- Wildfires burn forests in Gironde, south-west France
- UK temperatures top 40C for first time
- Germany and Belgium prepare for possible record temperatures
- More than 30 wildfires are ravaging parts of Spain
LONDON/PARIS, July 19 (Reuters) – Firefighters in southwestern France battled to contain massive wildfires on Tuesday and Britain recorded its highest ever temperature as a surge heat from the south settled over western Europe.
Southern and western Germany and Belgium also braced for potentially record high temperatures as the heat wave, which scientists attribute to climate change, spread north and east.
A temperature of over 40C (104F) was tentatively recorded for the first time in Britain on Tuesday, the Met Office said.
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Authorities have put Britain, which often struggles to maintain key transport services when hit by unexpected weather conditions such as heavy snowfall or high winds, in a state of “national emergency “due to the unprecedented temperatures.
Transport Minister Grant Shapps has said it will take many years to completely upgrade Britain’s infrastructure to cope with higher temperatures, after at least two airport runways showed signs of damage and that some railway tracks have become deformed.
“We have seen a considerable amount of travel disruption,” he told the BBC. “The infrastructure, much of which was built from Victorian times, was simply not designed to withstand this type of temperature.”
In southwestern France, the Gironde wine region has seen its biggest wildfires in more than 30 years and authorities say a man has been arrested on suspicion of arson.
The fires have spread over 19,300 hectares (about 75 square miles) in the Bordeaux countryside since July 12, forcing a total of 34,000 people to evacuate their homes.
About 2,000 firefighters, supported by eight water bomber planes, were battling the blazes.
“Despite ground and air attacks, the situation has still not stabilized,” the state prefecture said in a statement, adding that no deaths or injuries had been reported.
A study published by climatologists in June in the journal “Environmental Research: Climate” concluded that it was highly likely that climate change would worsen heat waves. Read more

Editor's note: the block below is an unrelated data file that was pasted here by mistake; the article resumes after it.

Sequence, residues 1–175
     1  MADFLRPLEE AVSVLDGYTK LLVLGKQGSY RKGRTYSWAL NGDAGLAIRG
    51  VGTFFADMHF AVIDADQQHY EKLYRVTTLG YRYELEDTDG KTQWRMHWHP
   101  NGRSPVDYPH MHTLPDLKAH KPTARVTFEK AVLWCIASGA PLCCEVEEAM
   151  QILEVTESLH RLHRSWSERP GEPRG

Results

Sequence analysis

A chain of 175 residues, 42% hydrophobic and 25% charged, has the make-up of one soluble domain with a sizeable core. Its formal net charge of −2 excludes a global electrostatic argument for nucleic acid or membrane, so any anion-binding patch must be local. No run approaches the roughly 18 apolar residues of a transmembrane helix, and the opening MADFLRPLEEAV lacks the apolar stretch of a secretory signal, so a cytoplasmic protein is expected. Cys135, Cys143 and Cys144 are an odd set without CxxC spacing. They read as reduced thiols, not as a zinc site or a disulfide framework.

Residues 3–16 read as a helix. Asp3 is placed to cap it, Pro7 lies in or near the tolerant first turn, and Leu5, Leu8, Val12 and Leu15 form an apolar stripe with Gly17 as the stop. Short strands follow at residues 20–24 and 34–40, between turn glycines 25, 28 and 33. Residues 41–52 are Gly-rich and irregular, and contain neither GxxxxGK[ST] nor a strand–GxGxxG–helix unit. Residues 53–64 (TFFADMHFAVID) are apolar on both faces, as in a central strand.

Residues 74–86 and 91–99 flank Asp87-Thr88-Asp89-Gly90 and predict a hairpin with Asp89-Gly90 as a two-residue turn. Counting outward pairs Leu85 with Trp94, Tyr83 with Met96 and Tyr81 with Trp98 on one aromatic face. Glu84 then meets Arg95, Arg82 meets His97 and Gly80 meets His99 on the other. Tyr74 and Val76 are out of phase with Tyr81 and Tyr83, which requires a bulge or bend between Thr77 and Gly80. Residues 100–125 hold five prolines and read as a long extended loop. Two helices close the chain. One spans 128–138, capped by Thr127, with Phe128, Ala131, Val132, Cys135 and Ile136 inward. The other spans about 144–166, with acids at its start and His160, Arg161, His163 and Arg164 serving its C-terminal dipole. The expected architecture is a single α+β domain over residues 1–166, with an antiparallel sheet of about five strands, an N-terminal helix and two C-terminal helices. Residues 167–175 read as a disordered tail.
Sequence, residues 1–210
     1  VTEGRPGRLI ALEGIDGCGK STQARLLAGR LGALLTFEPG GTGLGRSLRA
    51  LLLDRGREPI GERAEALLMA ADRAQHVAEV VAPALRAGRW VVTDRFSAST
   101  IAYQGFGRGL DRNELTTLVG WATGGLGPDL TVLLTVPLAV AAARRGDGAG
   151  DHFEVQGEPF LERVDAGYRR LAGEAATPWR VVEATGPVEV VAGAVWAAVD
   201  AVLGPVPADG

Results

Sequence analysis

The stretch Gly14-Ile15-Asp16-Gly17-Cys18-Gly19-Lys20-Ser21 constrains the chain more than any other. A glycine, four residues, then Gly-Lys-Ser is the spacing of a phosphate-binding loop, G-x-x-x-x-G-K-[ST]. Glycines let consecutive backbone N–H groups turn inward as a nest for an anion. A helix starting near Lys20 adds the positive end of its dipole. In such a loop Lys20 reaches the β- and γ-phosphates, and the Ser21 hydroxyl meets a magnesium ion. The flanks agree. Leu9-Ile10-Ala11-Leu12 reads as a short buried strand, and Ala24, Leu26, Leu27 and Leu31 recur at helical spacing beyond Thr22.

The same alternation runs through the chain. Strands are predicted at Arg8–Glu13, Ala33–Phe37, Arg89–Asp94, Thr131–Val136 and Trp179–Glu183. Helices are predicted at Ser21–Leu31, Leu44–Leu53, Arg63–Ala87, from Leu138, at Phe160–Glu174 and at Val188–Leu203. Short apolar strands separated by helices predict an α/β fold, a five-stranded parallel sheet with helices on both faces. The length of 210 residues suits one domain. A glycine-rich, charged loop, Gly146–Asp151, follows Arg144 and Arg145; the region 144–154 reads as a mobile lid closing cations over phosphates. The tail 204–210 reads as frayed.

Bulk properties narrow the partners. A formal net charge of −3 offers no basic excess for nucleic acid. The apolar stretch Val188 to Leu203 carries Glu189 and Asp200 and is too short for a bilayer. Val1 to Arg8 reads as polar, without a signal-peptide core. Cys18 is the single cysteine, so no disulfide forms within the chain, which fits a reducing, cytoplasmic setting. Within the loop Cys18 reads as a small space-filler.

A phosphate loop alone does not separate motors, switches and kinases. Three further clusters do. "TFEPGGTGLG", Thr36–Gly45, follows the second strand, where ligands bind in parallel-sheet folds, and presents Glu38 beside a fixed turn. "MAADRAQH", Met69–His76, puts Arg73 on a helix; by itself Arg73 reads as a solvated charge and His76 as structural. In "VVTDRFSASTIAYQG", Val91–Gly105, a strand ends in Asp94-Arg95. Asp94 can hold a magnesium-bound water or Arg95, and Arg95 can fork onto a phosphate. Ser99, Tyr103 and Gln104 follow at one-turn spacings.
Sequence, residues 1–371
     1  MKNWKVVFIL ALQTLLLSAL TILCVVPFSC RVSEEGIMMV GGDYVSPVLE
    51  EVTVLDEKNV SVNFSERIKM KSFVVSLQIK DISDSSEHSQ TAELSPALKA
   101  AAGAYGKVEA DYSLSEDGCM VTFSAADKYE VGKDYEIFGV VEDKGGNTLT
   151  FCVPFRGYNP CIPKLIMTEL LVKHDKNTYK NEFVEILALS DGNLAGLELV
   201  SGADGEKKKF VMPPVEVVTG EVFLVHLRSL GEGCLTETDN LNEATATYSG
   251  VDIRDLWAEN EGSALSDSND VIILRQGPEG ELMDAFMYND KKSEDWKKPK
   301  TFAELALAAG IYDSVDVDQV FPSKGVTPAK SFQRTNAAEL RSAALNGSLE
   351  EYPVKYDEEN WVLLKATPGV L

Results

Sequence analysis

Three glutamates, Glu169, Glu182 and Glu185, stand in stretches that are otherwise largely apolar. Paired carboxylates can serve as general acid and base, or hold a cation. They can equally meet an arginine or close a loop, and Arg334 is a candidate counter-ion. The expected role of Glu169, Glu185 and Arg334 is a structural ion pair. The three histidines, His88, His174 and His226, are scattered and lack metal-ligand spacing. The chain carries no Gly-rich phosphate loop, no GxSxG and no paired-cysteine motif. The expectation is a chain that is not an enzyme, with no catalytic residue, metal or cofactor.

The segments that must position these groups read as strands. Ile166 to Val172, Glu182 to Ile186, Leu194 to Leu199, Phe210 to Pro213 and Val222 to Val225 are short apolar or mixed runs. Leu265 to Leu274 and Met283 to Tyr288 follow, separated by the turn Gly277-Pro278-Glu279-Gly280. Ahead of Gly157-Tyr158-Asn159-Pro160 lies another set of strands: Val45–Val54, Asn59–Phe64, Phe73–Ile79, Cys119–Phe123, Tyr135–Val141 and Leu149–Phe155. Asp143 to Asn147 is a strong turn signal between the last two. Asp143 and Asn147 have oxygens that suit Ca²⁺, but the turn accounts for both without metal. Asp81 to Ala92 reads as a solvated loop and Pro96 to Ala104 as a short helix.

With human-caused climate change triggering droughts, the number of extreme wildfires is expected to increase by 30% over the next 28 years, according to a February 2022 UN report.
“We are seeing more frequent heat waves, and the heat waves are hotter than they would have been without climate change,” Friederike Otto, senior lecturer in climate science at the Institute, told Reuters. Imperial College London.
FLAMES AND SMOKE
Although mercury returned to more normal summer levels in Spain and Portugal, firefighters in both countries were still battling multiple blazes.
More than 30 wildfires have continued to ravage parts of Spain, with authorities paying particular attention to four blazes in Castile and Leon and Galicia.
In Losacio, in the northwest of the province of Zamora, where two people died and three seriously injured, more than 6,000 people in 32 villages were evacuated.
Dramatic television footage showed flames and plumes of smoke rising into the night sky near the town of Zamora, Tabara.
On Monday, a man trying to save his town from wildfires came close to death when the blaze engulfed his backhoe, forcing him to run for his life while tapping the flames on his clothes. Read more
In Galicia, more than 1,500 people were evacuated from the path of four fires, which damaged several buildings.
So far this year, 70,000 hectares (173,000 acres) have been burned in Spain, around double the average for the past decade, according to official data released ahead of the heatwave.
In neighboring Portugal, around 50 municipalities, mainly in the central and northern regions, were still facing the “maximum risk” of forest fires, according to the meteorological institute IPMA.
More than 1,000 firefighters were battling five major wildfires, the largest of which started in the northern municipality of Murça and spread to two neighboring municipalities.
Hundreds of people were evacuated from villages and an elderly couple were found dead in a burnt-out car on Monday. Read more
In Greece, firefighters brought 73 fires under control in 24 hours, firefighters said on Monday. The civil protection authority warned on Tuesday of a very high fire risk across the country.
A forest fire that started in Slovenia’s Karst region was brought under control by firefighters on Tuesday, authorities said, two days after the blaze started. There were no casualties.
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Additional reporting by Marie-Louise Gumuchian in London, Catarina Demony in Lisbon, Dominique Vidalon in Paris and Renee Maltezou in Athens, Aleksandar Vasovic in Belgrade, Editing by Nick Macfie, Gareth Jones and Bernadette Baum
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